Rivian decided to shoot a video to show all its employees elsewhere and the world how the plant was progressing well. It probably shot it before it knew what was coming in our way. They end the video description by saying: “We can’t wait to get back in there.”

    That may seem unassuming, but it makes us think of all of us that can’t wait to get back: to taking a walk, to driving, to hugging the ones we love. To get back to working, living, solving little problems and worrying about stuff that used to matter and that now seems really small. We also can’t wait to get back, Rivian. As soon as possible. Stay safe. Stay healthy.

    Video Description Via Rivian On YouTube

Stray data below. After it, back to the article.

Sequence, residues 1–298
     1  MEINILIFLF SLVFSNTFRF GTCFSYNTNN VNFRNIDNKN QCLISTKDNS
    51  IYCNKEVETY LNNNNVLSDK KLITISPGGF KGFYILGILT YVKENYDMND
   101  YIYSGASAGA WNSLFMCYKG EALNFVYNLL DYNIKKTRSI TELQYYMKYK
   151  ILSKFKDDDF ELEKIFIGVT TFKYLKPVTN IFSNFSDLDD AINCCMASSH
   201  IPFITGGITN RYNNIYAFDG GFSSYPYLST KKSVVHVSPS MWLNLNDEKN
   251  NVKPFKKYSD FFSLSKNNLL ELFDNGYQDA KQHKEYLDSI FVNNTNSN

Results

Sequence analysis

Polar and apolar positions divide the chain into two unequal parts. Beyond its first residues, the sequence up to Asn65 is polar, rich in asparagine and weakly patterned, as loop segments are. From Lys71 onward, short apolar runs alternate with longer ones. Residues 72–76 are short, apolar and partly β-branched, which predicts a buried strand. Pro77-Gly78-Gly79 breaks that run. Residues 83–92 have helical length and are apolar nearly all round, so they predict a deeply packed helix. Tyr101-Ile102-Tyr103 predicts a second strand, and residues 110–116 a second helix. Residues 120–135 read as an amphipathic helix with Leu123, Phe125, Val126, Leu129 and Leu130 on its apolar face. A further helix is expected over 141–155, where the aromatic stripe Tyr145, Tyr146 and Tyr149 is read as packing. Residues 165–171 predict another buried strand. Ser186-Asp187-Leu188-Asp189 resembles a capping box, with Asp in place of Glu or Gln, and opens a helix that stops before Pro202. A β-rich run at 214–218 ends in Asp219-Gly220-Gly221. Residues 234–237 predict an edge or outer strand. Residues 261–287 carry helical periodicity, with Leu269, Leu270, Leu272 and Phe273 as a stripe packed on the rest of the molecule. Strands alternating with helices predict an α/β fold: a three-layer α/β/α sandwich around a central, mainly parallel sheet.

Just before temporarily shutting down our facilities to help slow the spread of COVID-19, we made this internal video progress report so our team across all locations could see how far the plant has come. We can’t wait to get back in there.

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    Car Reviews

    New Audi e-tron Sportback 2020 review

    The new Audi e-tron Sportback is an accomplished electric car, but it costs nearly £4k more than the standard e-tron

  • 4.0 out of 5

    Verdict

    The Audi e-tron Sportback is not a car that anyone asked for. It has no direct competition, but having said that, as a relaxing, comfortable and premium electric SUV, it hits all the right notes. Whether it’s worth the near-£4,000 premium over a regular e-tron will be down to personal preference on the new look.